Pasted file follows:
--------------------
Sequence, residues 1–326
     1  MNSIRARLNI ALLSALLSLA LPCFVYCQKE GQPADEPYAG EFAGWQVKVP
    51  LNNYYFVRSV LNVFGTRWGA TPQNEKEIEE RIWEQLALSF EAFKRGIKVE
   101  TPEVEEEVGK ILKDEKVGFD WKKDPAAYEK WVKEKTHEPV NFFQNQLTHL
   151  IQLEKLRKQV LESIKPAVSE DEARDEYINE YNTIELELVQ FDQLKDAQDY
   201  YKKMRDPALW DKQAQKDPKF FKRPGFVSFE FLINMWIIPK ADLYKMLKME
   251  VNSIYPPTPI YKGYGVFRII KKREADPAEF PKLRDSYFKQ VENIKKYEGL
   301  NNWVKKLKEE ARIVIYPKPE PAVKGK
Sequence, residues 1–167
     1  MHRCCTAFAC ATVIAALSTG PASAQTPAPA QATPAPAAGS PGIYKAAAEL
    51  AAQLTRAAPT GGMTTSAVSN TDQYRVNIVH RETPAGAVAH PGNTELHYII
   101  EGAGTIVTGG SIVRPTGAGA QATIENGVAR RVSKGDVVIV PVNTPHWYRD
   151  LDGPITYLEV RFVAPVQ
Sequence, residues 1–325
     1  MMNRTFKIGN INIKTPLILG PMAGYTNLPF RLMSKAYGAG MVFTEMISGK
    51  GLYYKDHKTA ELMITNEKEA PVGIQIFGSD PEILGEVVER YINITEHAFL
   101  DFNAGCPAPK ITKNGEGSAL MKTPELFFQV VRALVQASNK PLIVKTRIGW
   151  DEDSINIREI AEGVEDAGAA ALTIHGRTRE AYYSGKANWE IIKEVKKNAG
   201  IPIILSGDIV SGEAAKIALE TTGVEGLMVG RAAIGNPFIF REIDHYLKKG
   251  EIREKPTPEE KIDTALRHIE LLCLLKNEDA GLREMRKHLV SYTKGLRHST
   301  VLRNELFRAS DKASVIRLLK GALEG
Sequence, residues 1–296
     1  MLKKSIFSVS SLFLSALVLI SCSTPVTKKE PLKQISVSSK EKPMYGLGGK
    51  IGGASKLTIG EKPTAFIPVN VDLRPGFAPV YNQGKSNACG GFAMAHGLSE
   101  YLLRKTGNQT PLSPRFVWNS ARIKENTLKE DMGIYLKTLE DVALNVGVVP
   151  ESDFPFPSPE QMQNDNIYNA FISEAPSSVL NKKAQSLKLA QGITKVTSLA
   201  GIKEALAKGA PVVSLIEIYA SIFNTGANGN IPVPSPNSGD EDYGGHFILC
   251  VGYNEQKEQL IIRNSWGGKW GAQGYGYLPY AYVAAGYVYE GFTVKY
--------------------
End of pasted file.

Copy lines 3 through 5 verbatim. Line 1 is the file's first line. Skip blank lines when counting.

    51  LNNYYFVRSV LNVFGTRWGA TPQNEKEIEE RIWEQLALSF EAFKRGIKVE
   101  TPEVEEEVGK ILKDEKVGFD WKKDPAAYEK WVKEKTHEPV NFFQNQLTHL
   151  IQLEKLRKQV LESIKPAVSE DEARDEYINE YNTIELELVQ FDQLKDAQDY